Wednesday, April 27, 2011

In edition to the tweets, blogs, and videos Dan Danford, CRSP Principal / Chief Executive Officer at Family Investment Center, reports on about finance. He also contributes to magazines like Medical Economics. This week's article is called Deciding When To Retire. Here, Dan answers this retirement question from a reader:

I was planning to retire from my practice at 65, but now the age at which one can collect full Social Security benefits has increased, should I postpone my retirement?

To read Dan's answer to this question, click here.

Tuesday, April 26, 2011

Women of Exellence Nominates Elaine Coder & FIC

The Women of Excellence Awards is an event sponsored by the YWCA that recognizes a select group of successful women in the St. Joseph area. Last week the YWCA announced their 2011 nominations. Family Investment Center has been nominated for the Employer of Excellence category and Elaine Coder, Director of Client Services, has been nominated for the Woman in the Workplace category. The winners will be announced on Thursday, June 16th at Civic Arena. Good luck Elaine and congratulations to all of the nominees!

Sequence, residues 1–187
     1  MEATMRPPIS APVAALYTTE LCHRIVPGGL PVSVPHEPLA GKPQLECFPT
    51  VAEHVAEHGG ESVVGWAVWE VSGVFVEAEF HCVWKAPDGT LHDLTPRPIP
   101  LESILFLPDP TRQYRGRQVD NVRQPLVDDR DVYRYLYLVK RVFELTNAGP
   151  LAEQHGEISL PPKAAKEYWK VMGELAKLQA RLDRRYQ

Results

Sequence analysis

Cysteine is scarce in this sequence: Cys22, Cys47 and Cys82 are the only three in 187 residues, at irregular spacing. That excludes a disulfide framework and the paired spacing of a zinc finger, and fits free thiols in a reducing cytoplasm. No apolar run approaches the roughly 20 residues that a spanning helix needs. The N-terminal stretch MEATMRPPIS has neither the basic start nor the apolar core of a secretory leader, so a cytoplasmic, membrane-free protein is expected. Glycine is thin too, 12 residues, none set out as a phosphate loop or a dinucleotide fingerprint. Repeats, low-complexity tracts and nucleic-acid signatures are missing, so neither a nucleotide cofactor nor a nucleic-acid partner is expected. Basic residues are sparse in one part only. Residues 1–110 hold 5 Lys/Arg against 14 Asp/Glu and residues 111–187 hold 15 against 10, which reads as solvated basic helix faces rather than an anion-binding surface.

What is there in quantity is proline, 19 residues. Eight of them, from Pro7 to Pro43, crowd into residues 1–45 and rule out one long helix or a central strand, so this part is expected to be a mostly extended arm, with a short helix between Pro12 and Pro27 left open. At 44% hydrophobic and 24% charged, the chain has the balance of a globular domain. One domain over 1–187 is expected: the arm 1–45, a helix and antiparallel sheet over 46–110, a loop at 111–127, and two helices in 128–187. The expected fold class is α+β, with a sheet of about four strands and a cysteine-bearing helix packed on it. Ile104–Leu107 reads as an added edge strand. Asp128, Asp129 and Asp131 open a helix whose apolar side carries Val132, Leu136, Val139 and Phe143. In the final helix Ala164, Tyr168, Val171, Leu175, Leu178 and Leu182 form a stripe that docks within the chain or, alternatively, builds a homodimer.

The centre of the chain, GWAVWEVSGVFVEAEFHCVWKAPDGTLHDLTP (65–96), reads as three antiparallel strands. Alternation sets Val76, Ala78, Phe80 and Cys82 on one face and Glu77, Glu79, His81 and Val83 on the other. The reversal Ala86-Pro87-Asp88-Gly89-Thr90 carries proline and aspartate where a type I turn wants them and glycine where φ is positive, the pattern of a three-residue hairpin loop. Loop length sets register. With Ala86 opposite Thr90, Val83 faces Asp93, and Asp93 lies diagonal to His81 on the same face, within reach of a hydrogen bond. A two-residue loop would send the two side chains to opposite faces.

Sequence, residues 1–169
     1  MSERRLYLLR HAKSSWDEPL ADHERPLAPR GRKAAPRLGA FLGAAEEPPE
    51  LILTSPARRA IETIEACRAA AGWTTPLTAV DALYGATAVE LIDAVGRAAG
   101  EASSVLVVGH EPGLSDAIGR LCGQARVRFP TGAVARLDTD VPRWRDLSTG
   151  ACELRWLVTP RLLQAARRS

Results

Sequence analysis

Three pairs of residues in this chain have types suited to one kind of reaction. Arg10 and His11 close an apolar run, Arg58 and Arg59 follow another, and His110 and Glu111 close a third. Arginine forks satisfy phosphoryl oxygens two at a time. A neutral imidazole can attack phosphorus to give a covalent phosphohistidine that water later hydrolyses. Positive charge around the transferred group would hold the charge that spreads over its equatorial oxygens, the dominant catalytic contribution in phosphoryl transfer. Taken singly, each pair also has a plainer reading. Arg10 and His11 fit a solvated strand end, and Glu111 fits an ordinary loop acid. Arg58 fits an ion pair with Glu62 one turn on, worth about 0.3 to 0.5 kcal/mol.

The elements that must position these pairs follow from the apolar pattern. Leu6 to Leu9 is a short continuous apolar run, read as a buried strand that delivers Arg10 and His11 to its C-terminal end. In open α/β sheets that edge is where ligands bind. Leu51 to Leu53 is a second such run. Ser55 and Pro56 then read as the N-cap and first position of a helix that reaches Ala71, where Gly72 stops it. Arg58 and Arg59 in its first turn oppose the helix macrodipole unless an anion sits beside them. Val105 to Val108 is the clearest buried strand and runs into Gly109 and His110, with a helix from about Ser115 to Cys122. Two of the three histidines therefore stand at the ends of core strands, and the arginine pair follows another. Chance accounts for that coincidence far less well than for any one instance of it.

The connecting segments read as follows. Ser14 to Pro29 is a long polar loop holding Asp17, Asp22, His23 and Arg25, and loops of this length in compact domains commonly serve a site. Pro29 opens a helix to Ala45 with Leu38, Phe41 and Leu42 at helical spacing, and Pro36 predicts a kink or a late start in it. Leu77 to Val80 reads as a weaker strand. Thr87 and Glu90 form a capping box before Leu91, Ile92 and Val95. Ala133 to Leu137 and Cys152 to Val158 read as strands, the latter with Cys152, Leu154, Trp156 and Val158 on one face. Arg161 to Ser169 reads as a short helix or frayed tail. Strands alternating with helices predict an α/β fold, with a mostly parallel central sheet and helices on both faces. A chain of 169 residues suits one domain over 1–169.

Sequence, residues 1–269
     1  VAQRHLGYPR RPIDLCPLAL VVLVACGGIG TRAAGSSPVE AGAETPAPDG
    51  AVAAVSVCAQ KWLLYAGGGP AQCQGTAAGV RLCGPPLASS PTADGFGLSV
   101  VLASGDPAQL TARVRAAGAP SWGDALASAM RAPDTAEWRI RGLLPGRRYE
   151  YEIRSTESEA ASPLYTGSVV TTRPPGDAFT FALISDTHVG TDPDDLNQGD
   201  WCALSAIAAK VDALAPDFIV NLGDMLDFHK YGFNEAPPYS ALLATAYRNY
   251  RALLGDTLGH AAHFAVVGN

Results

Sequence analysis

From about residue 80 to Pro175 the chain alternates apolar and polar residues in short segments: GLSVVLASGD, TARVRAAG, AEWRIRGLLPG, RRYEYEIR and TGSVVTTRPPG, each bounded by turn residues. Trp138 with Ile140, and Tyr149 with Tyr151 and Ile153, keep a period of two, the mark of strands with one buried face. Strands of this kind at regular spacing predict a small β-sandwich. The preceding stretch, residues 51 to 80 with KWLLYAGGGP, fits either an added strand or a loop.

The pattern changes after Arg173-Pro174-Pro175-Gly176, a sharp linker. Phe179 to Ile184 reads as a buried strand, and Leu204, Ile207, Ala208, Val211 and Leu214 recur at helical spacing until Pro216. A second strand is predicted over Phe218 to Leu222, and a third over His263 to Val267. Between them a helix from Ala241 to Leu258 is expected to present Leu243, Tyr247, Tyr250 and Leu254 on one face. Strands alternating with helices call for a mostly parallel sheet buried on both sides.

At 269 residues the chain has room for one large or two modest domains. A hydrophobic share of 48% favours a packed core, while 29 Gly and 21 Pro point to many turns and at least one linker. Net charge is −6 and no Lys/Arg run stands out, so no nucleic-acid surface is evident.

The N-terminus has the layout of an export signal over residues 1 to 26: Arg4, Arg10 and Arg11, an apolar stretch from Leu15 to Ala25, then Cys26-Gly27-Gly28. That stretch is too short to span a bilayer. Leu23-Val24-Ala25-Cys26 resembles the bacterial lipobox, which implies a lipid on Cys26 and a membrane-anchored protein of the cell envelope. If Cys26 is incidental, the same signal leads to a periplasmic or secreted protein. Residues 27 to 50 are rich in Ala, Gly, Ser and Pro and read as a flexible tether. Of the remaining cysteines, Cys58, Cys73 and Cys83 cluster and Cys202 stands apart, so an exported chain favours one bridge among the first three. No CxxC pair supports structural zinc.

To read more about the 2011 Women of Excellence Awards, click here.

Monday, April 25, 2011

Brief Investment Message‏ from Jason White


I hope this message finds you well! With the NHL hockey playoffs at full throttle, I felt compelled to take a stab at a hockey analogy. Our investment advisory services team works relentlessly on our clients' behalf to try and skate to where the puck is going to be, rather than where it is right now. Such a principle keeps us grounded in our fundamental diversified long-term approach, even when media screeching reaches a fevered crescendo...

A Bit of News:

Recently, I was invited to be a participant in a round table panel discussion on fixed income investing at Kansas City's Interncontinental Hotel just north of the Plaza on Ward Parkway. The nearly two-hour discussion was really fascinating, and I enjoyed sharing my perspective as well as hearing from peers on investment strategy, the economy, interest rates and many other topics.

What I took away from the meeting was further validation about what we believe at FIC, and the way we go about building our customized client portfolios, our manager selection process, and our evaluation of talent.

On behalf of our entire Family Investment Center team, we are very grateful to be blessed with so many wonderful friends, and from all of us, please have a safe and peaceful Easter celebration.
Yours truly,

Jason T. White, Ph.D.
Director of Investments Family Investment Center

For an audio version of this text, click here

Wednesday, April 20, 2011

Dan Explains Tax Refunds

With the deadline passed for having your taxes filed, financial adviser Dan Danford answers this timely tax question about how tax refunds work: